Washington: A new mathematical model has provided scientists with a deeper insight into how brain remains stable during the learning process.
Complex biochemical signals that coordinate fast and slow changes in neuronal networks keep the brain in balance during learning.
Neuronal networks form a learning machine that allows the brain to extract and store new information from its surroundings via the senses. Researchers have long puzzled over how the brain achieves sensitivity and stability to unexpected new experiences during learning, two seemingly contradictory requirements.
To address the problem, the team turned to a classic experimental system. After birth, the visual area of the brain's cortex undergoes rapid modification to match the properties of neurons when seeing the world through the left and right eyes, a phenomenon termed "ocular dominance plasticity," or ODP. The discovery of this dramatic plasticity was recognized by the 1981 Nobel Prize in Physiology or Medicine awarded to David H. Hubel and Torsten N. Wiesel.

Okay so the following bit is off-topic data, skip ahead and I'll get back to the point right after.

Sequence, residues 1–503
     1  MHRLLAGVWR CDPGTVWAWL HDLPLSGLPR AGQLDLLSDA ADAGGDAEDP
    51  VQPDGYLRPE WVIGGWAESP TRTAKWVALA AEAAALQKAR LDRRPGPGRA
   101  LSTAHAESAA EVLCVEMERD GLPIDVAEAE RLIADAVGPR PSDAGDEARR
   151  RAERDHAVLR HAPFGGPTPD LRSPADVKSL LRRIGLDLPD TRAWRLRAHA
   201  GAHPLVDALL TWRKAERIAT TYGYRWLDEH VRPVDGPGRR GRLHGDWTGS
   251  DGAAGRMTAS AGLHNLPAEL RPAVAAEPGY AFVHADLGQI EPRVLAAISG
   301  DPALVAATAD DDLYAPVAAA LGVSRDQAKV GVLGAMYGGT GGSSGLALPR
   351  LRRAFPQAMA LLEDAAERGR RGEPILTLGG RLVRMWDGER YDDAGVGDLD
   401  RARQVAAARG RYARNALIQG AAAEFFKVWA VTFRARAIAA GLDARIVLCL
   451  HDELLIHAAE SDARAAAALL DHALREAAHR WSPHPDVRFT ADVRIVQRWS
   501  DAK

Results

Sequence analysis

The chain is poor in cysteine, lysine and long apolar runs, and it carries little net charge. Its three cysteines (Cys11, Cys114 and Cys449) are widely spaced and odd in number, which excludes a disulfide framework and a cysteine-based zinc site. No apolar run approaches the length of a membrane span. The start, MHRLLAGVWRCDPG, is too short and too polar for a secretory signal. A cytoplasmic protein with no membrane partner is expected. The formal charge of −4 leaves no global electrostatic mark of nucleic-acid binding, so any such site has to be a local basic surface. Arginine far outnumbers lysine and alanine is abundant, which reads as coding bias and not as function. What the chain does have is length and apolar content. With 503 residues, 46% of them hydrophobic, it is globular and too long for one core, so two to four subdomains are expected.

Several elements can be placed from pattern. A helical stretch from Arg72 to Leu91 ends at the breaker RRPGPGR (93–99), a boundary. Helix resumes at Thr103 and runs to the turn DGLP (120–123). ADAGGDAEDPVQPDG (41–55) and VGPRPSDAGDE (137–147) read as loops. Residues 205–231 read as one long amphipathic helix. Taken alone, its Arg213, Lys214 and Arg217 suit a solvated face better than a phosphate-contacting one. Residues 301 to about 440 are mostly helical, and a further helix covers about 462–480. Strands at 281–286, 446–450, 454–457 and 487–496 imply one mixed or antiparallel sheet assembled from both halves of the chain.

ODP learning contains a paradox that puzzled researchers, it relies on fast-acting changes in activity called "Hebbian plasticity" in which neural connections strengthen or weaken almost instantly depending on their frequency of use. However, acting alone, this process could lead to unstable activity levels.
By modeling Hebbian and homeostatic plasticity together, mathematicians Taro Toyoizumi and Ken Miller of Columbia saw a possible resolution to the paradox of brain stability during learning.
The theory and experimental findings showed that fast Hebbian and slow homeostatic plasticity work together during learning, but only after each has independently assured stability on its own timescale.
The study is published in the journal Neuron.